Wolves must beat Bolton, says former boss Mick McCarthy

Former Wolves manager Mick McCarthy with current boss Terry Connor
Wolves sacked manager Mick McCarthy in February

Mick McCarthy believes that Wolves must beat Bolton on Saturday to have any chance of Premier League survival.

The former Wolves manager thinks that Terry Connor's side need all three points against one of their relegation rivals.

The Black Country side are four points behind 17th-placed Bolton with just eight games of the season to go.

"They've got one chance on Saturday for me - it is a must-win game," he told BBC Radio 5 live.

"If you were asking me this question, and I was the manager still, I would say there were another six or seven games.

"But with Stoke away and Arsenal at home to come, if we don't beat Bolton at home I would be very surprised if we stay up," he said in an interview to be broadcast on Saturday.

Connor replaced McCarthy as manager in February, and the 53-year-old feels that his former assistant has all the attributes to make a success of the job.

Connor's first game in charge brought a 2-2 draw at Newcastle United on 25 February, but his side have suffered four consecutive defeats since to leave them rooted to the bottom of the table.

"Terry is very strong-minded, single-minded and methodical," McCarthy said.

"I think that he will make the best effort of it, without any doubt. Results may say otherwise, but I think he is doing a good job.

"He is more than capable of doing the job, as he is a fabulous coach."

McCarthy believes that the players' experience of being in a relegation battle last year will hold them in good stead in the last eight games of the Premier League season.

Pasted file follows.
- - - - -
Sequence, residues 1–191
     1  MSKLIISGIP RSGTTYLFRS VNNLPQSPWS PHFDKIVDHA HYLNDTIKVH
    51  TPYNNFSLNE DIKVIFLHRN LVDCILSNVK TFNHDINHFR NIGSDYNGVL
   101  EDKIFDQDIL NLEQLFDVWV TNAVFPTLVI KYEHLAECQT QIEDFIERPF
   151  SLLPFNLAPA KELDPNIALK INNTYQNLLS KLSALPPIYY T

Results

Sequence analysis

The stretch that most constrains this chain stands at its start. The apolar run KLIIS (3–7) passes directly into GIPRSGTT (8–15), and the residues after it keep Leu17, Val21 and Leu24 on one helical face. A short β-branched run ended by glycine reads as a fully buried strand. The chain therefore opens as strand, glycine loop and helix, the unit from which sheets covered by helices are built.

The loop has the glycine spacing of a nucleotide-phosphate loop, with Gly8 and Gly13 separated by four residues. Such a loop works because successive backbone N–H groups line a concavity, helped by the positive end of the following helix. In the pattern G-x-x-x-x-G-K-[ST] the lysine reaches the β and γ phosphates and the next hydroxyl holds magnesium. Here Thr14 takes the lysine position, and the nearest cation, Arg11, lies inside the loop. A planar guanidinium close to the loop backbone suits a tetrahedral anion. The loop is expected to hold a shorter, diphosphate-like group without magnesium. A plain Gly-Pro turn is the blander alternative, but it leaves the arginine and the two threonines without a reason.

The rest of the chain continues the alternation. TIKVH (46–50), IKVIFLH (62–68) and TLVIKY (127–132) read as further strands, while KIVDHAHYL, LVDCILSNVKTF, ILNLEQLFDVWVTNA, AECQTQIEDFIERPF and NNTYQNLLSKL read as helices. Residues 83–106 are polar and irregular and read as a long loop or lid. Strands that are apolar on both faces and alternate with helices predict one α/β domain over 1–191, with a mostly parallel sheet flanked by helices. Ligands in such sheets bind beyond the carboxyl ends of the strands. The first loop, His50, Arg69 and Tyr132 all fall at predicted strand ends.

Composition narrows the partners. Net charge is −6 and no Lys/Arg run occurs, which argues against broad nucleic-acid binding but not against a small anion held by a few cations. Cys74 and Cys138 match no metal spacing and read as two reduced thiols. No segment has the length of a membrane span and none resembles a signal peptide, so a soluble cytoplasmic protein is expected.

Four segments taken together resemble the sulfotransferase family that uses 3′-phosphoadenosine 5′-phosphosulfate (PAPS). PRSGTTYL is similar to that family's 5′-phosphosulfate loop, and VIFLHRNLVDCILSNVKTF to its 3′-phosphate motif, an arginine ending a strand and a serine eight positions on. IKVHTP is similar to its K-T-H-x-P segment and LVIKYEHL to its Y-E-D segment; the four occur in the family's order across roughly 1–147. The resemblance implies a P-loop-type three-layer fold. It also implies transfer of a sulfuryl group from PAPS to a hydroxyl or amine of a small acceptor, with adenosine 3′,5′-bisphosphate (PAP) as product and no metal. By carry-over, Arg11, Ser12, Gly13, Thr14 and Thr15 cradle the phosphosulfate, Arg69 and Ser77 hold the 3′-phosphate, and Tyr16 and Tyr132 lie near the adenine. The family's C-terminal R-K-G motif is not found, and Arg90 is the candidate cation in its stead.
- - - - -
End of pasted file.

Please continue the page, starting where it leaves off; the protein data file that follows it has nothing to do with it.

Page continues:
The former Republic of Ireland manager pointed to their reaction after being beaten 3-0 by Stoke at the Britannia Stadium on 26 April last year.

Wolves drew with Birmingham in the next game, then beat West Brom and Sunderland to secure their Premier League status, and McCarthy is hoping for a similar response this season.

"I have a message for the players," he said.

"We stayed up last year because we stayed together. There were no divisions amongst them. They were all biting and kicking and spitting and scratching.

"They were desperate to stay up. That is what they have to do on Saturday - if they do they give themselves, TC and Wolves a chance to stay up."

McCarthy acknowledges that he still feels a strong emotional connection to the club that sacked him last month.

"I can't detach myself. I was on the beach in Miami for one game, and I was getting messages by text," he said.

"I was going through agony, and I said to my wife: 'Why the hell am I doing this? I ought to leave it and just let it go.'"

Wolves sacked McCarthy in February after a 5-1 home defeat to West Brom in the Black Country derby, and he says that he was upset by the negative reaction of the club's supporters after the match.

"Having to leave out of the back door after the West Brom game was a real insult to me. I hated that," he said.

"I had five-and-a-half fabulous years, and I thought that a sad way to end my very successful and happy time."

"But the majority of Wolves fans have been so supportive. The amount of mails and emails, it was impossible to answer them all and for that I apologise."

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